Obama campaign: 17 offices in state

Dateline: Fri 08 Aug 2008

Frugal Hoosiers blog Thursday disputed that the Obama campaign has 14 or more offices in Indiana, claiming that "A visual survey of a majority of the Obama offices around the state reveals that they are nothing more than an assortment of vacant spaces, offices for other candidates, and county party headquarters. In other words, the Obama presence in Indiana is a myth..."

Advance Indiana picked up the item and claimed that the campaign is nothing but smoke and mirrors, and that the press (which has reported Obama has 17 offices in the state to McCain's 0) has been hoodwinked.

Here is the response from Jonathan Swain, communications director for Obama in Indiana:

"Barack Obama's Campaign for Change has 17 field offices open, in addition to our headquarters in Indianapolis. Each of those offices have numerous grassroots activities going on throughout the week and are staffed by campaign workers and volunteers seven days a week. In addition to that, we have dozens of grassroots activities going on in communities where we don't have offices, including many of the more than 100 'Cookouts for Change' held since last Sunday by local supporters to give others in the community the chance to find out how they can get engaged in the campaign and help deliver Indiana for Barack Obama on Nov. 4."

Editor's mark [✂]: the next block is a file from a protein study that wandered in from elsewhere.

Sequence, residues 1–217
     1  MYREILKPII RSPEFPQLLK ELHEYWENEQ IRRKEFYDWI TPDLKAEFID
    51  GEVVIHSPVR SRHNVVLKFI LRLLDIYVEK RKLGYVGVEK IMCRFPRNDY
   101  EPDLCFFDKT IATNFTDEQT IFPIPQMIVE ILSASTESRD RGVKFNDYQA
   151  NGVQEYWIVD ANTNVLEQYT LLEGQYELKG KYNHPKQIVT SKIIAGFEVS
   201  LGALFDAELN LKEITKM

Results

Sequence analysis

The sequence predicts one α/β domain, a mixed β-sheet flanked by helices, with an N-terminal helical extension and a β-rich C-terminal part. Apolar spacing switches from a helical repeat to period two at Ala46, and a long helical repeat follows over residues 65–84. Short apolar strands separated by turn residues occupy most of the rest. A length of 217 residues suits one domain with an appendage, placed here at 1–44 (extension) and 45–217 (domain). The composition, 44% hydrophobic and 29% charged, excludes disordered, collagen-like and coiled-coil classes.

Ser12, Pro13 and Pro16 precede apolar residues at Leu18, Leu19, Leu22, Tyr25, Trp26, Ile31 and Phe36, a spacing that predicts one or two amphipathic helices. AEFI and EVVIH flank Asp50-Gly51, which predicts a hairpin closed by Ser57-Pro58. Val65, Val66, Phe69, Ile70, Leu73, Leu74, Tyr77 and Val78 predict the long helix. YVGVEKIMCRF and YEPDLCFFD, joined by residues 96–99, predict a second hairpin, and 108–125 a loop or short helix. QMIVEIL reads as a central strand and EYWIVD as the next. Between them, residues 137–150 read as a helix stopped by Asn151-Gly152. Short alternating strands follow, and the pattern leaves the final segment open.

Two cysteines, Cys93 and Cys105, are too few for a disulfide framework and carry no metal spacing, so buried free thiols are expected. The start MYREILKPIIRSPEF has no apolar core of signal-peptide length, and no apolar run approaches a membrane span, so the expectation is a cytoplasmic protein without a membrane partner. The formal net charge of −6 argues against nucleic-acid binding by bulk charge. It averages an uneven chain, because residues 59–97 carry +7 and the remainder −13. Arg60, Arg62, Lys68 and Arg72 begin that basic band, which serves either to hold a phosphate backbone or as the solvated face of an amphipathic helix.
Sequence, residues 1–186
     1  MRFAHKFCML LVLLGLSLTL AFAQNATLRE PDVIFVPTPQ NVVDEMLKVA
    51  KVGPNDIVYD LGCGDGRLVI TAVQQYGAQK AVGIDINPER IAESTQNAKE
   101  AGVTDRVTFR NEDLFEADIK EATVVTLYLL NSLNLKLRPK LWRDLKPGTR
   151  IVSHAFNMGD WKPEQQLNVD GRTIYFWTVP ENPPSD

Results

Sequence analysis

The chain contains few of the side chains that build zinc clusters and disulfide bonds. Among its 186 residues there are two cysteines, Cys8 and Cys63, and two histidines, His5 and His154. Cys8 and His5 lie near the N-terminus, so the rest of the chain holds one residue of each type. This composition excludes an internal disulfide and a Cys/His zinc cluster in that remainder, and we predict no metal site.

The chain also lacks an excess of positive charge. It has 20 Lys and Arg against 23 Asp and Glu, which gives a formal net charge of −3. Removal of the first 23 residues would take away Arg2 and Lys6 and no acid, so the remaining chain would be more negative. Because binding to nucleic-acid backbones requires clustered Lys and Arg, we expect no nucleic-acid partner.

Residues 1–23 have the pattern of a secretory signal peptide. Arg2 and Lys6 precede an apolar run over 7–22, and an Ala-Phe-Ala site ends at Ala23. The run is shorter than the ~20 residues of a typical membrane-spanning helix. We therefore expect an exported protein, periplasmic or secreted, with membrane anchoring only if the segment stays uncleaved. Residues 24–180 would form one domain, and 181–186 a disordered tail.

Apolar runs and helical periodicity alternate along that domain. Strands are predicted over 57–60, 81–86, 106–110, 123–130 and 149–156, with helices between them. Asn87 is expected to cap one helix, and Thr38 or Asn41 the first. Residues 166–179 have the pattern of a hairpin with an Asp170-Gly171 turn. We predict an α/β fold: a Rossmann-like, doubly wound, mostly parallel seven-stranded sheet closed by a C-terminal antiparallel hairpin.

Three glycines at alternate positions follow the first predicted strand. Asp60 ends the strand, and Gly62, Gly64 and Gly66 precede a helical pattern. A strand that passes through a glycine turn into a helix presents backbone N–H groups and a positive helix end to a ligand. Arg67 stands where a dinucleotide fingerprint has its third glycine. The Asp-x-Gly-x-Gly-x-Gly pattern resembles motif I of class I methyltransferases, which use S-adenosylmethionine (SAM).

Frugal Hoosiers also ran a photo of an empty Muncie office; Swain says the photo is not an Obama headquarters, nor was it used during the primary.

My response: Barack Obama, in word and deed, has been an inspiration to many Americans in a campaign that has been unprecedented in my lifetime; apparently it is impossible for some camps to accept that phenomenon. Hence they pander in rumor, etc. If nothing else, this is a dishonor to both Obama and John McCain. The election should be decided on the issues, not false reporting and slander.

As for the groundswell that continues on Obama's behalf, every other day or so, I get email from Obama organizers in Indiana regarding an event -- a picnic, a meeting or just an opportunity to watch the candidate speak on TV during the convention, for example. I am well aware that the polls report the election is close, that Obama has problems with white voters, etc. But the enthusiasm remains as intact as the 17 offices in the state.

Here are the links to FH and AI:




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